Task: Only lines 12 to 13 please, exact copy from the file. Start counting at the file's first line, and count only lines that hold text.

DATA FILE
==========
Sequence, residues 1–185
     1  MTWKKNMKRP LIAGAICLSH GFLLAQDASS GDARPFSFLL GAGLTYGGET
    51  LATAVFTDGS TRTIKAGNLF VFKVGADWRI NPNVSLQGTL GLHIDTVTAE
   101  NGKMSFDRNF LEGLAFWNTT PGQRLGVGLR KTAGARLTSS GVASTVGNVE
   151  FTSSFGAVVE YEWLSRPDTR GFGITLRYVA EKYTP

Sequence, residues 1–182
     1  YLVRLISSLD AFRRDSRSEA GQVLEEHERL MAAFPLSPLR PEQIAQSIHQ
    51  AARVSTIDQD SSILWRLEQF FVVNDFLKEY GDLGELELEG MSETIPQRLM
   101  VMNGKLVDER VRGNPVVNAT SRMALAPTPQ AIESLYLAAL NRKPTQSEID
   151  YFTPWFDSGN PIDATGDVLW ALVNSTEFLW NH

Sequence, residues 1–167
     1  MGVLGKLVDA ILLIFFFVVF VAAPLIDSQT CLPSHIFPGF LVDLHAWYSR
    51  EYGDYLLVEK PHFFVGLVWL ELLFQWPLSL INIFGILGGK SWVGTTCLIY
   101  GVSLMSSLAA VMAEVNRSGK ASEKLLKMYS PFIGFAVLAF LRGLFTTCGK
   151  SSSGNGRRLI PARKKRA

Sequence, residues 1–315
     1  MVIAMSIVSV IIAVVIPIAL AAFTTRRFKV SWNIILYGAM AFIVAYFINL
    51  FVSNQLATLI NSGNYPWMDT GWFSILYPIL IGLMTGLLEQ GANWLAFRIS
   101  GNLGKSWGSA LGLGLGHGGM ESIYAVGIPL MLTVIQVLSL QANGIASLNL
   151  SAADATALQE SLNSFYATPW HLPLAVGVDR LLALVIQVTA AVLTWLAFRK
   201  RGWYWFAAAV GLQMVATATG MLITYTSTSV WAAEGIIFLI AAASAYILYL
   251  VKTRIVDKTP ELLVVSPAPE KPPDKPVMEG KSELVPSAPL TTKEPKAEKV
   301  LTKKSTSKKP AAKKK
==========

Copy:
     1  MGVLGKLVDA ILLIFFFVVF VAAPLIDSQT CLPSHIFPGF LVDLHAWYSR
    51  EYGDYLLVEK PHFFVGLVWL ELLFQWPLSL INIFGILGGK SWVGTTCLIY